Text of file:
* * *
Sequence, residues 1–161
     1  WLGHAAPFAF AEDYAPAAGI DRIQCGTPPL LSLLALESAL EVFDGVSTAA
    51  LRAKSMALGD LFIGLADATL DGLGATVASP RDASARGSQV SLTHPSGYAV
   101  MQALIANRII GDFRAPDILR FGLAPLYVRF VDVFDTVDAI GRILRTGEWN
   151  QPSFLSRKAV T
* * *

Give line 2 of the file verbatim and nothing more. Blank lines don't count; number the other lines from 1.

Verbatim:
     1  WLGHAAPFAF AEDYAPAAGI DRIQCGTPPL LSLLALESAL EVFDGVSTAA